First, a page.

Infertile Genetically Modified Mosquitos.  I just saw news that genetically modified mosquitos are going to be released into the wild.  What can go wrong with that?  We all hate mosquitos, but science doesn’t always work out the way people think.  I mean, look at that excellent documentary: Jurassic Park!

But this news did remind me of an encounter Stephanie and I had when we were living in Alaska.  In Alaska, some people joke that the state bird is the mosquito.  Rumors fly of caribou being driven mad by mosquitos.  I even read about a scientist in the artic that got bit up so much he had to be hospitalized.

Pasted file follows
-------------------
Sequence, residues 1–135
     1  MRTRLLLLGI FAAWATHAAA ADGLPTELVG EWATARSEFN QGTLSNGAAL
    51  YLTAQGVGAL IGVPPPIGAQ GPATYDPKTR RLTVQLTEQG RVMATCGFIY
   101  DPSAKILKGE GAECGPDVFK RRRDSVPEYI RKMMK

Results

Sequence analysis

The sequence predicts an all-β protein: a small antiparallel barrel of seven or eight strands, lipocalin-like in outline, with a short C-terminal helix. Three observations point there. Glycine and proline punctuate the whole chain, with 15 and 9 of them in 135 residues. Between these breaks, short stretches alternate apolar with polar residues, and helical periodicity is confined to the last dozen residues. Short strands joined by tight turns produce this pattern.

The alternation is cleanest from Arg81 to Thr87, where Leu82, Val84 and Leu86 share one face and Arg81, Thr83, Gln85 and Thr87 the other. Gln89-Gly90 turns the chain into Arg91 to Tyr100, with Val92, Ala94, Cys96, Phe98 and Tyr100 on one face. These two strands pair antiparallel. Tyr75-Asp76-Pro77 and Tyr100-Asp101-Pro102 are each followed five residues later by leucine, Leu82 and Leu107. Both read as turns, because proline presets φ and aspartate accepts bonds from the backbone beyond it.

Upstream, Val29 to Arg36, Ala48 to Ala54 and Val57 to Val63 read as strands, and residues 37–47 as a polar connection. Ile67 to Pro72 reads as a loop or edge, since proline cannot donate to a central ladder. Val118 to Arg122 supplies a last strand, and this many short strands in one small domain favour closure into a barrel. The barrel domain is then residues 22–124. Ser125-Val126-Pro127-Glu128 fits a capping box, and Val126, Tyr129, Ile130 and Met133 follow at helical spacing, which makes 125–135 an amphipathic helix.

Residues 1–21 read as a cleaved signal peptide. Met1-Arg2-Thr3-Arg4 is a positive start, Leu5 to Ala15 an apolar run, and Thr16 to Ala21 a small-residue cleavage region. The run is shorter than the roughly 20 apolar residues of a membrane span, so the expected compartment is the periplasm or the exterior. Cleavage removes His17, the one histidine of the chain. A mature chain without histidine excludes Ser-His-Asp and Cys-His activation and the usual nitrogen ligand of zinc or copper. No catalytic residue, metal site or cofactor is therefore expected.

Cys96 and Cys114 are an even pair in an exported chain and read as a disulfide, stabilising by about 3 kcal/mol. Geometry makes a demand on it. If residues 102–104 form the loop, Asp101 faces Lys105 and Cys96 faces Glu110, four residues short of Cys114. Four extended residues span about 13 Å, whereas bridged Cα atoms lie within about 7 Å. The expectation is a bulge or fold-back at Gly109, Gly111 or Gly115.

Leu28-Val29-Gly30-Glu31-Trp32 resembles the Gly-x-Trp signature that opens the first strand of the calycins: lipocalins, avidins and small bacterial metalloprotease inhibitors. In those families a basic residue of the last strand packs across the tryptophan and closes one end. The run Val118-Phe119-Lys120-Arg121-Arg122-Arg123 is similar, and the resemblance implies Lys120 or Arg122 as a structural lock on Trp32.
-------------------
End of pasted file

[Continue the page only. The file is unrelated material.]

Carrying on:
I once helped a neighbor re-roof his house.  I felt a few bites on my back, but figured this would be just like Colorado – a few bites and they move on.  Stephanie counted 47 bites on by back when I got home.

We went on a mountain bike ride once in the summer, just a mile or so from our house.  We got to an area that was kind of swampy, and the track got rough.  When we slowed down to walk our bikes over some rocks, they attacked.  You feel things hitting your exposed skin.  It takes a few seconds before the pain begins.  Then a few more seconds while your brain processes what is going on.  Then you try to swat them, but realize with increasing dread that they are actually inside your bike helmet. They are buzzing around your head, ping ponging between your eyes and sunglasses; they are in your ears. They are on a feeding frenzy, and you can’t get rid of them.  And more are coming at you. This is not 10 or 100 mosquitoes, this is the motherload of hungry, frenzied, blood sucking mini-vampires. Panic sets in.